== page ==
I wrote this after seeing Fincher's version of The Girl With The Dragon Tattoo, pasting relevant paragraph below:
Depiction of rape is complicated. One argument is that it can only be justified when it is done from the P.O.V. of the victim, with his or her lack of consent irrevocably clear to the audience. Thus you try and limit the circulation of potentially dangerous sexual fantasies, which might lead to imitative behaviour in the real world. Another is more liberal, one that the Alan Moore who wrote Lost Girls might support. Fantasies are fantasies, who are you to judge what is criminal or not, if it remains inside people's heads? You can be as disgusting as you like, as long as you respect the rules of consent in the real world and ensure you do not hurt anyone. There are difficulties with such a John Stuart Mill view, but I tend to lean towards it rather than try and legislate on how sex should be portrayed in art. We should live in a world where we can be trusted to control our desires, rather than have them controlled by someone else.The Alan Moore reference above may be a bit off. A better example might be Milo Manara, who I remember saying somewhere that the erotic aspect of his work (which includes depictions of rape) is ok because it's not real, it's just a book. From what I remember, he then goes on to suggest that porn actresses who debase themselves for their viewers' pleasure are performing a kind of public service and should be venerated, which strikes me as an infantile response to the porn industry, and may indicate some of the problems with his attitude.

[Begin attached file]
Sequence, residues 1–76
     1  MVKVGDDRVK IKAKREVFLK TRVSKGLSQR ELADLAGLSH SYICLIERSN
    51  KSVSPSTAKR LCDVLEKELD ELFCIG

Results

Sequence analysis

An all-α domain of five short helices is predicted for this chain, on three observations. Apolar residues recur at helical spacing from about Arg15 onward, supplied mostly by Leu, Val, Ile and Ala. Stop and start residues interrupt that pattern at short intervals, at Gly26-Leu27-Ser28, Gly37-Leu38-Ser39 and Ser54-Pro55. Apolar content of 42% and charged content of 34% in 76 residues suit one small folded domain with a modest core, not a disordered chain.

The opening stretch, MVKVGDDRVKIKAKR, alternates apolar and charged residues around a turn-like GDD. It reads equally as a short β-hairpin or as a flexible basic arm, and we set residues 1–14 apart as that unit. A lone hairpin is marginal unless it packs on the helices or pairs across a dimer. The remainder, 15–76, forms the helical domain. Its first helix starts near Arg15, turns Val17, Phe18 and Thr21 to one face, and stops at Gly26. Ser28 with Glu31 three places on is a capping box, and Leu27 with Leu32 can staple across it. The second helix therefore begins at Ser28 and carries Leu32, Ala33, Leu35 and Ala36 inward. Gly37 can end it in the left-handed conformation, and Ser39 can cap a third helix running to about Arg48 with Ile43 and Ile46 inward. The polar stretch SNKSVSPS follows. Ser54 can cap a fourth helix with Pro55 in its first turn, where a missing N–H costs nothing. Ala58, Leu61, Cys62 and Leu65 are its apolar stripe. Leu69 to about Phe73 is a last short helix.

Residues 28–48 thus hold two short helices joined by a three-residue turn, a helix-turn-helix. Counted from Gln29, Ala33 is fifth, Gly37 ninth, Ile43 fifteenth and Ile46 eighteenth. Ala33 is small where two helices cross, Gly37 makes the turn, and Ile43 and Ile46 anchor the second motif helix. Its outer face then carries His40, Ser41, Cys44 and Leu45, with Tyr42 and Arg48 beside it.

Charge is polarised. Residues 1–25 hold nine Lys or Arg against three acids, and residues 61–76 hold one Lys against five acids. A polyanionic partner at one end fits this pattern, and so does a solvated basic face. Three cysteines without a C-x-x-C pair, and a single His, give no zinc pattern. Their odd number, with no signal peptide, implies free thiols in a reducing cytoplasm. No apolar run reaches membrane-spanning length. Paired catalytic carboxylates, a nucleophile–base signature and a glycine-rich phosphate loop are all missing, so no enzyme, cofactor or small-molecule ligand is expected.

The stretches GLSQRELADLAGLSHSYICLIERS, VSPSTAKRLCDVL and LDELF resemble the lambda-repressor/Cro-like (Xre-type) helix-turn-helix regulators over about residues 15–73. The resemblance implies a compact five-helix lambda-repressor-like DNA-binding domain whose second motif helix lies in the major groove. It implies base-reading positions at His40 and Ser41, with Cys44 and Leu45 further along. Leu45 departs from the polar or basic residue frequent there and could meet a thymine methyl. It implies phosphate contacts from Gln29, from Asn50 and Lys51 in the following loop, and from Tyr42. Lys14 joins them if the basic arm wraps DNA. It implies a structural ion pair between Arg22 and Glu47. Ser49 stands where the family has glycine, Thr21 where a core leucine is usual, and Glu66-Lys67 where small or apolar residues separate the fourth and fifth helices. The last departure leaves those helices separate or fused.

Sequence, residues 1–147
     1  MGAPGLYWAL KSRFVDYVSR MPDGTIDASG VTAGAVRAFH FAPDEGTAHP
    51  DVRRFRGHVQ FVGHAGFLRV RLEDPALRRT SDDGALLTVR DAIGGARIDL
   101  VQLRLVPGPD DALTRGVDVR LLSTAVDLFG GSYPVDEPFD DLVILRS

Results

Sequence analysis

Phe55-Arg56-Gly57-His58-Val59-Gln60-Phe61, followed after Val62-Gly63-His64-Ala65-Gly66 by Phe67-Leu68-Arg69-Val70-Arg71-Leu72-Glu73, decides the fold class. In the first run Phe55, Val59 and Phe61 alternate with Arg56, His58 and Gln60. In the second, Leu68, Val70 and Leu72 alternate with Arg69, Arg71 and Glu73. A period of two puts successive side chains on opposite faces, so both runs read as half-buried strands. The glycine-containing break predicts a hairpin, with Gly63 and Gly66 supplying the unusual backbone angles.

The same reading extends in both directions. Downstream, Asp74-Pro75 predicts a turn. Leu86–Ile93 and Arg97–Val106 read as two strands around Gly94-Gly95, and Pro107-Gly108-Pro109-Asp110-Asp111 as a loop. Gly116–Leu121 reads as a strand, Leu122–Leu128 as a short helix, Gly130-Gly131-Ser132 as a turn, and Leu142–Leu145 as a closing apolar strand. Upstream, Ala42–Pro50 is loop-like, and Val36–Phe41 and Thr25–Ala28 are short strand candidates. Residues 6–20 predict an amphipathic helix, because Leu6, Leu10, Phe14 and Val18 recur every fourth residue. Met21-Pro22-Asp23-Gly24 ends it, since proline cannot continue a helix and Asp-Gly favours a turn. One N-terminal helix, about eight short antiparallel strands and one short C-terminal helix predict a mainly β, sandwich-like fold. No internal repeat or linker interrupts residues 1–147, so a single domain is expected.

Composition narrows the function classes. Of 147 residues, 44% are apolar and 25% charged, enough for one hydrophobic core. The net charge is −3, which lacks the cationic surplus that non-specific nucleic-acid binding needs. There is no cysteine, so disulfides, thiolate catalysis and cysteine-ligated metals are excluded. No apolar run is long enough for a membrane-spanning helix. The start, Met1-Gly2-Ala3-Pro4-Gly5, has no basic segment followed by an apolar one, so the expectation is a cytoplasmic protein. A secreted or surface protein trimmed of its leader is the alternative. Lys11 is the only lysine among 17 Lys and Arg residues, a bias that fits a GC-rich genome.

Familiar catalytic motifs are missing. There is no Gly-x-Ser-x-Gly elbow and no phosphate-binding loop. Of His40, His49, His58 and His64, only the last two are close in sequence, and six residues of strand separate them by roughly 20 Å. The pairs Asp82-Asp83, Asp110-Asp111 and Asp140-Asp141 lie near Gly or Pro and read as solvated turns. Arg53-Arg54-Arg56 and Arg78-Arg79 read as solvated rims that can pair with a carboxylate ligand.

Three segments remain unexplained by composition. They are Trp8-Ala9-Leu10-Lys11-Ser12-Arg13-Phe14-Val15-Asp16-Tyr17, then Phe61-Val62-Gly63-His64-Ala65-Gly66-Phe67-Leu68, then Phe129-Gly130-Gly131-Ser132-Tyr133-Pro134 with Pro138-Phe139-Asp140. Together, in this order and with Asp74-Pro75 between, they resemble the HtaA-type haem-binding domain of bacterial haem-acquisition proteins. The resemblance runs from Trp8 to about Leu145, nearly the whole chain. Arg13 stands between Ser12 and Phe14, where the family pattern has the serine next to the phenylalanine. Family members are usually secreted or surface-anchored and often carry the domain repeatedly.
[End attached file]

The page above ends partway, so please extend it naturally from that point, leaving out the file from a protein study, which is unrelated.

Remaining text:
But basically, I think my liberal belief that you should be able to produce whatever filth or stupidity you want and have it tried in the court of public opinion is compatible with my desire for beauty and intelligence in the art I consume. When judging the latter w/r/t rape, I prefer to do it case-by-case, that is to say, look at what a work's intentions are, what it says about rape and whether that's ok, rather than build rules for the portrayal of rape to be applied to everything you consume.
Fwiw, I thought the rape of Lisbeth in Fincher's movie overstepped the line, the scene should have cut when the door closed. More broadly, I thought the film failed in its intention to condemn violence against women. Manara's intentions as a pornographer are pretty clear, so I tend to give him a pass, tho once you get past the astonishing artwork the dude strikes me as pretty creepy. Moore's fixation on rape is certainly creepy as well, but it looks like he's aware of it, and that makes a massive difference (tho should say haven't read anything of his after the awful LoEG 1910).